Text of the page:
The H7 family of STM32 microcontrollers is, as of 2021, the most badass there is. It is based on the ARM Cortex-M7F core running at up to 550 MHz, with some chips in the family equipped with a second ARM Cortex-M4F core running at 240 MHz. How powerful is that ? Well, back when I was a kid, PC’s were equipped with Pentium MMX processors which could barely hit 200 MHz… and that was enough to run Windows 95 and first-person shooter games like Doom and Quake.
STM32H7 are what you might call flagship devices. And as a result, just like flagship smartphones, they carry pretty much every type of peripheral ever grafted onto a microcontroller, and in bulk quantities too. That makes them fairly large and complex chips. In turn, that makes it complicated to design circuit boards around. That’s why I use off-the-shelf modules instead, and design carrier boards for those.
This section covers the two modules (and microcontrollers) I’m playing with : the Nucleo-H745ZI-Q for the STM32H745 dual-core microcontroller and a Chinese module of mysterious origins for the STM32H750 single-core low-cost microcontroller. Here’s a team photo :
If you already know what you’re looking for, feel free to navigate this section. Otherwise, let me show you around :
On the left sits the Nucleo. This is a development module made, sold and supported by ST themselves. Nucleo are sold below cost, making them a darling of students and amateur roboticists all around the world. You can easily recognize them from their white PCB. Nucleo are about as user-friendly as an Arduino, but with a lot more options for fully exploiting the microcontroller they carry. Here, I’ve installed this one on a carrier board I’ve designed specifically to make it easier to wire each on-chip peripherals. As a simple rule, if an experiment is going to require more than ten jumper wires I just design a circuit board for it. Because signal integrity matters, and accidental shorts do happen.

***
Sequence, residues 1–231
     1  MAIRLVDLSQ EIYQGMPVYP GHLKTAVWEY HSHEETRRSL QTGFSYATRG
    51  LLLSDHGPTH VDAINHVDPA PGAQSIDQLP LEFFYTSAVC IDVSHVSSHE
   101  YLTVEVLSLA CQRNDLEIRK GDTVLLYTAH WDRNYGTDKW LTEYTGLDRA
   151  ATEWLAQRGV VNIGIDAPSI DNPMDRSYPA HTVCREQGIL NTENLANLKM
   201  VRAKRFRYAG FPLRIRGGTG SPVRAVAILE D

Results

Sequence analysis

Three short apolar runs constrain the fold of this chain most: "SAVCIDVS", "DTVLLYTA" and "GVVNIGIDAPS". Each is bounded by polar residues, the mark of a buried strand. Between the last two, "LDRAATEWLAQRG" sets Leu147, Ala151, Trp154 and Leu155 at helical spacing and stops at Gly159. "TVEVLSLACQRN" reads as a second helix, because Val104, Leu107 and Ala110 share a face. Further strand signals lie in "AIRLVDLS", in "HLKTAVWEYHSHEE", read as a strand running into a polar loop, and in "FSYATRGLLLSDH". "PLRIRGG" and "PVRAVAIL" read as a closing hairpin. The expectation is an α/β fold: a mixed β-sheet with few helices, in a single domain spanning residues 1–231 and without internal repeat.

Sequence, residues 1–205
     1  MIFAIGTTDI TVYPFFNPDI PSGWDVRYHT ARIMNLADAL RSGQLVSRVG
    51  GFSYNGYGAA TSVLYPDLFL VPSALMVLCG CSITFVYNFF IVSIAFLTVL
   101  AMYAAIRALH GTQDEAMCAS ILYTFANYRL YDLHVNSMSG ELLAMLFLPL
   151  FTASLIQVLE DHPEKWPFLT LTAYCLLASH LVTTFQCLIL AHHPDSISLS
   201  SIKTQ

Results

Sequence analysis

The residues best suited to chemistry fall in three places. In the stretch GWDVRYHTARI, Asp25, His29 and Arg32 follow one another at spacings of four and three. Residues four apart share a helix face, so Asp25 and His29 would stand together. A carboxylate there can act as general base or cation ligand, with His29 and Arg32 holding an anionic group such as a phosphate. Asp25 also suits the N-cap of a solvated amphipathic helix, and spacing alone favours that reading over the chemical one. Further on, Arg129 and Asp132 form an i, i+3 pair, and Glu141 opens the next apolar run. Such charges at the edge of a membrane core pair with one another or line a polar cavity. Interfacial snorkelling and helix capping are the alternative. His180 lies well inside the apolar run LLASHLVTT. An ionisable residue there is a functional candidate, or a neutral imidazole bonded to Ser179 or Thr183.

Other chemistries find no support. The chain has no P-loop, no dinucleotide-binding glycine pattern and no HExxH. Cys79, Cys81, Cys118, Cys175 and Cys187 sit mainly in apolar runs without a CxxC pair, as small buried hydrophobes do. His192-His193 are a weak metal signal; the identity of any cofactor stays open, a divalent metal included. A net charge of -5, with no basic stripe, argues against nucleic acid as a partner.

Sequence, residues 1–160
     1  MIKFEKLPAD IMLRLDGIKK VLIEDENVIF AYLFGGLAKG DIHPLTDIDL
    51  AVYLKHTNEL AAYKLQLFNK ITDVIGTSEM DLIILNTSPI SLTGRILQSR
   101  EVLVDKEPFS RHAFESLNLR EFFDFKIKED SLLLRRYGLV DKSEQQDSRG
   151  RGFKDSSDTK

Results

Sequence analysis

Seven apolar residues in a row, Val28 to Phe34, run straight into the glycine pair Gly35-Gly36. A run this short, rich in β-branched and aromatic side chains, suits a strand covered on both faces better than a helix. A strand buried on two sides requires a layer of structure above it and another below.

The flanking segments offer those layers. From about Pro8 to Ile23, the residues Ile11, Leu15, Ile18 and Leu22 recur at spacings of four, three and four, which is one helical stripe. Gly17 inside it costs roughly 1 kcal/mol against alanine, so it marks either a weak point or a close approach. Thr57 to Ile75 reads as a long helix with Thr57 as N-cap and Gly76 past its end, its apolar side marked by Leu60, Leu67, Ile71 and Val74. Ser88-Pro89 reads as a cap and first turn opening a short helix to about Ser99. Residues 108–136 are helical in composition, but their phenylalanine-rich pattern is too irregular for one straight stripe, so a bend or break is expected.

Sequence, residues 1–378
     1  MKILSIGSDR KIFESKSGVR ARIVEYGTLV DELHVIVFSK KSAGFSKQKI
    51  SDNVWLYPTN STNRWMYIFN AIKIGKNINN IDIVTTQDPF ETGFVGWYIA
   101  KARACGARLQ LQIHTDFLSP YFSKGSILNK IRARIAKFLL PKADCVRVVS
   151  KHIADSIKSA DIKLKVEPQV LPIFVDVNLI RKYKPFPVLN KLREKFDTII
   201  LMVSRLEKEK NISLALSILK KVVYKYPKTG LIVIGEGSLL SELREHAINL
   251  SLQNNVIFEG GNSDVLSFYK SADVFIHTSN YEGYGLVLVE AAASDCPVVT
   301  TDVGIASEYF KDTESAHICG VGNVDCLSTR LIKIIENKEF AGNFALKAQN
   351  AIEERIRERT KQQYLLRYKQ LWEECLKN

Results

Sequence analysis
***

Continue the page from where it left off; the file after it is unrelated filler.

On the right sits the ESRB. This is a more complex carrier board designed to integrate a RaspberryPi Zero (or anything with a compatible GPIO port), a Xilinx FPGA module and an STM32 module. The result is a real Swiss army knife of an embedded computer. I’ve also added a logic analyzer probe socket underneath to help debug. I’m not saying you can’t learn how to use an STM32H7 without this kind of hardware… but it is a huge help. Sadly, I can’t provide much information about the STM32H750 module I’m using : it’s one of those Chinese products for which there is no parent company, no documentation and no support. I was lucky to find a schematic and even then, I spent half a day checking that it actually matched the module. You never know. On the plus side, it’s even less expensive than a Nucleo and there’s multi-vendor availability.
Those aren’t my first designs and they won’t be the last, but right now I barely have time to work on those two.